Oracle America, Inc. v Google, Inc., No 9th Cir. 2013-1021, 1022 (5/9/2014)(http://cafc.uscourts.gov/images/stories/opinions-orders/13-1021.Opinion.5-7-2014.1.PDF)
Copyrightabilty of computer source code and data has been the subject of hundreds of cases over the years, but as the court in this case noted “application of copyright law in the computer context is often a difficult task.”
Background: Google purchased a mobile phone operating system (android) and needed applications to run on it. Many applications are written in the Java language – a language that allows a developer to write code and have it work on many different operating systems. However, in order for developers to easily run their Java applications, the method, class and package names should be identical so that they do not have to edit their source code for a different version of operating system. Google sought to license the Java code from Oracle, however, the parties could not reach a deal. Google then decided to write almost all of the functionality to reproduce a Java virtual machine (the code that does things with the data and objects passed to it from the main application) – except that it decided to use identically named and structured method, class and package names so that pre-existing Java programs would not have to be re-coded to work with Google’s replicated version. Oracle sued Google on patent and copyright claims; it lost on all patent claims in the lower court, leaving only the copyright claims.
The issue presented was whether computer code constituting class method and package names along with their associated structure were copyrightable. In this case, Google used 37 package names, which constituted 600 class definitions and approximately six thousand method descriptions. After a jury trial in which the jury deadlocked on fair use defense, the lower court held that such code elements constituted “short titles” and/or were merged with the idea they expressed, and hence, not copyrightable. The 9th Circuit reversed and held that the overall structure was a copyright, and Google literally reproduced it, thus infringing the copyright; however, it remanded for further proceedings to determine whether Goolge’s copying was a fair use.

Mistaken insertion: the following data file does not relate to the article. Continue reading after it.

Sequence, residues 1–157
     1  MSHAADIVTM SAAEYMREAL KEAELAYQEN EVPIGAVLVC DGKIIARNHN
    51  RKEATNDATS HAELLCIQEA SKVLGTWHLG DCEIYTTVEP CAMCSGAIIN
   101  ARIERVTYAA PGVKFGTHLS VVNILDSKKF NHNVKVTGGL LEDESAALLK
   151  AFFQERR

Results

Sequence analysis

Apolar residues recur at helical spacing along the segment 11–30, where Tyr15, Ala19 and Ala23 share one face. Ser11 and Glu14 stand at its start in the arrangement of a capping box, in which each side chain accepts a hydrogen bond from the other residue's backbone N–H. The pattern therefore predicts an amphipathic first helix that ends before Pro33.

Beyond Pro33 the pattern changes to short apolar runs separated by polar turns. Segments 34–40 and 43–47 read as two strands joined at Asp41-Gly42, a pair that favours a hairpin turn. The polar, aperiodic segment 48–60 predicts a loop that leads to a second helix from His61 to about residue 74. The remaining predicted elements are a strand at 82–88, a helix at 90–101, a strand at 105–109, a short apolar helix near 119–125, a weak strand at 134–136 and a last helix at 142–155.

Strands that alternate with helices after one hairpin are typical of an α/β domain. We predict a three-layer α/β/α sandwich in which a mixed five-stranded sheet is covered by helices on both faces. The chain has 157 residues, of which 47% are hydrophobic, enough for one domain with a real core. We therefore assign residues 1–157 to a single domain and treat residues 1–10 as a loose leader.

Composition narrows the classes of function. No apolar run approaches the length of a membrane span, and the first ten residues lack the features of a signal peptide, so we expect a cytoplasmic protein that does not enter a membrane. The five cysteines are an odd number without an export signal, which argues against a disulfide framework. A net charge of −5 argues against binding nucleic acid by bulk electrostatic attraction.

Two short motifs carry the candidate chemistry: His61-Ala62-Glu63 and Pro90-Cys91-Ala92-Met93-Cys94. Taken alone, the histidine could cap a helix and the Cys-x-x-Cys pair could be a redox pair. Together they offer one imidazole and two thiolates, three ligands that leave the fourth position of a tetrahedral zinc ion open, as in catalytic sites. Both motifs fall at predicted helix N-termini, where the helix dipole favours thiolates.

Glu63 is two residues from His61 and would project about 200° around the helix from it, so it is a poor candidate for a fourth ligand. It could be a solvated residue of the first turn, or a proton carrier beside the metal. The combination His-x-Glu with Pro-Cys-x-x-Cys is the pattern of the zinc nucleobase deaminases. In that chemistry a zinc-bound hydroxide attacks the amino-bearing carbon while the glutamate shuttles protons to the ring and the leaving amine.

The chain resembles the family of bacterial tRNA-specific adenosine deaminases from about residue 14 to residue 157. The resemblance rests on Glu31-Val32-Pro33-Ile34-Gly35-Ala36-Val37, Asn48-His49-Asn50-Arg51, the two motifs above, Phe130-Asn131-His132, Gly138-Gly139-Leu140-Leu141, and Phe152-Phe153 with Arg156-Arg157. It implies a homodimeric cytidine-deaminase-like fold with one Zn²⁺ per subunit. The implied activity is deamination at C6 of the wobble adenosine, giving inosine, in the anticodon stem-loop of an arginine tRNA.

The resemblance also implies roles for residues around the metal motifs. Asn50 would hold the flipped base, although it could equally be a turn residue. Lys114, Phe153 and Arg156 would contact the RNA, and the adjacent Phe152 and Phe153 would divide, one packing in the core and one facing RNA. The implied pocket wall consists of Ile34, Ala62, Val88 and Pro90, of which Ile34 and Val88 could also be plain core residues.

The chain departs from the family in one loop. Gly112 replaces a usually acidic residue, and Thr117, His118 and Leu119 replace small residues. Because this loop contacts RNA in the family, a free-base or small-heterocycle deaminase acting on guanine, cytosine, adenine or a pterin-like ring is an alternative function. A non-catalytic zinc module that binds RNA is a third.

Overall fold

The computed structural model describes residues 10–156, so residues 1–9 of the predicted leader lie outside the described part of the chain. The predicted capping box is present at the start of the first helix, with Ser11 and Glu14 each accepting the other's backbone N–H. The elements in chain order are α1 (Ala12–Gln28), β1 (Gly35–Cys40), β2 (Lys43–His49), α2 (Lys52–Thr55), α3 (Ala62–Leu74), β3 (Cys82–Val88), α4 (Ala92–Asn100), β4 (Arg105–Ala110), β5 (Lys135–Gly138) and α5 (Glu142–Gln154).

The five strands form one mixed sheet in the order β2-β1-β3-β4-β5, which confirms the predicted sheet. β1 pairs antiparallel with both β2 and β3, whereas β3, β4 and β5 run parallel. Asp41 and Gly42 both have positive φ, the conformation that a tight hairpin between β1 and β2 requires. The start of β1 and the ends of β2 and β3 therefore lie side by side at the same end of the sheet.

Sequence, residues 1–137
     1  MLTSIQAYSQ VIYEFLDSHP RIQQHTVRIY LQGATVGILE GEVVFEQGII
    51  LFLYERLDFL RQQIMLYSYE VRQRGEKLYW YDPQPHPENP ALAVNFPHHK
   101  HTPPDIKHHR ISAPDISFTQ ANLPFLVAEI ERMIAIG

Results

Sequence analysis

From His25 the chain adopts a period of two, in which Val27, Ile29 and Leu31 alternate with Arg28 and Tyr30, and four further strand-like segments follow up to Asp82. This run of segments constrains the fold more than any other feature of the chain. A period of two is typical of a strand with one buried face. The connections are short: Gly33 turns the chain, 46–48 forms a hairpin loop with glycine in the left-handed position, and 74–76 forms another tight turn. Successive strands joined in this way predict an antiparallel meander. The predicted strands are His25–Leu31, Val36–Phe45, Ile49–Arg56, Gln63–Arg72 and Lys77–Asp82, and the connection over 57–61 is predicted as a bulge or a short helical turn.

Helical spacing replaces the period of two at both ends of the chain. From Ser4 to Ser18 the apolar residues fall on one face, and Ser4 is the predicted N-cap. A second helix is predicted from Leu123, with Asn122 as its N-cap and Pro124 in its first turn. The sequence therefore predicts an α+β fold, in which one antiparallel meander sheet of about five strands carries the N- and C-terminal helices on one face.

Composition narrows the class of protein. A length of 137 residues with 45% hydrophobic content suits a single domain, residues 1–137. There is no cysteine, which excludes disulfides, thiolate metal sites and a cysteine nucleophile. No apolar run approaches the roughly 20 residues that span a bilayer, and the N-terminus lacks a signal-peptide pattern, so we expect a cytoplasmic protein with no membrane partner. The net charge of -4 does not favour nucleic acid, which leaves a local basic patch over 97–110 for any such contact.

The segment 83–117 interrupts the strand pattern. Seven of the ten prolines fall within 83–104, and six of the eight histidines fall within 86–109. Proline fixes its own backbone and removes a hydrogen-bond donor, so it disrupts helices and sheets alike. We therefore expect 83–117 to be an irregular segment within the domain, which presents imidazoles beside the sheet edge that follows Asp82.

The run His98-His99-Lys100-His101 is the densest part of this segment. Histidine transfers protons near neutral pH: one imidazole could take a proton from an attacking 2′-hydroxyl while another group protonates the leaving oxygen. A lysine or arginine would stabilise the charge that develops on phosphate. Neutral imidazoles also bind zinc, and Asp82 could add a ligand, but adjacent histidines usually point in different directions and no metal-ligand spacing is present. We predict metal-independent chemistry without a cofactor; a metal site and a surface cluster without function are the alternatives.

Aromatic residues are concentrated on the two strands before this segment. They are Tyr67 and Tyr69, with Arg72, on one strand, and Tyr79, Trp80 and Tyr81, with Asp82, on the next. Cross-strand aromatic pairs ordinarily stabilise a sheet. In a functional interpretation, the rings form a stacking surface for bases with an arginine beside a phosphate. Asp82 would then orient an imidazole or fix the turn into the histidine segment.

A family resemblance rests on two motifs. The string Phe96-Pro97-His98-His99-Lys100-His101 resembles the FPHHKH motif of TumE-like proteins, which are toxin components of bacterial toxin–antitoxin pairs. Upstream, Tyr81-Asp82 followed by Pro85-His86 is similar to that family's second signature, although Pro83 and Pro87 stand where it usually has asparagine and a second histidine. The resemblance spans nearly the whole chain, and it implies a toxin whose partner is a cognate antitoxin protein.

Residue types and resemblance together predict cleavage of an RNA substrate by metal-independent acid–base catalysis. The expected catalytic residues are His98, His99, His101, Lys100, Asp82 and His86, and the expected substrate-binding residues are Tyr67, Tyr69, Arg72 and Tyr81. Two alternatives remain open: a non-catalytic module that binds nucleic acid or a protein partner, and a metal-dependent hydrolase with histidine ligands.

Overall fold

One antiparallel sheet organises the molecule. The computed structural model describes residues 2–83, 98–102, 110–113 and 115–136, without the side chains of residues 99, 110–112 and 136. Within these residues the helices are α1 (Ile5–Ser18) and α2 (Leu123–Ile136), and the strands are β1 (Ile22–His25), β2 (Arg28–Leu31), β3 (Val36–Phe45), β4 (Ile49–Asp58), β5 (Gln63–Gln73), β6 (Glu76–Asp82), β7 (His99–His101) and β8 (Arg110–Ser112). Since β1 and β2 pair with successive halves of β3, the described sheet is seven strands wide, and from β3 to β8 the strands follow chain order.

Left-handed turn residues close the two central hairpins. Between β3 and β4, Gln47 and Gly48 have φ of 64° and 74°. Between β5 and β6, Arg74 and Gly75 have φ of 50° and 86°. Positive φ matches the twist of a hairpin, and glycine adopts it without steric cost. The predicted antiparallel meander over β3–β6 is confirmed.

First, the 9th Circuit overruled the lower court and held that Oracle’s Java method, class and package names were copyrightable as a taxonomy – that is, that even though independently each element was not copyrightable, their sequence, structure and organization constituted an original work of authorship: as expressed by the court “an original work—even one that serves a function—is entitled to copyright protection as long as the author had multiple ways to express the underlying idea. Section 102(b) does not … automatically deny copyright protection to elements of a computer program that are functional.” In summary, the 9th Circuit stated that “[W]e conclude that a set of commands to instruct a computer to carry out desired operations may contain expression that is eligible for copyright protection. […] We agree with Oracle that, under Ninth Circuit law, an original work—even one that serves a function—is entitled to copyright protection as long as the author had multiple ways to express the underlying idea. The use of the taxonomy here was not transformative because it served the same use as it did in the original work.” Thus, the ice/function of the software was not merged into its expression.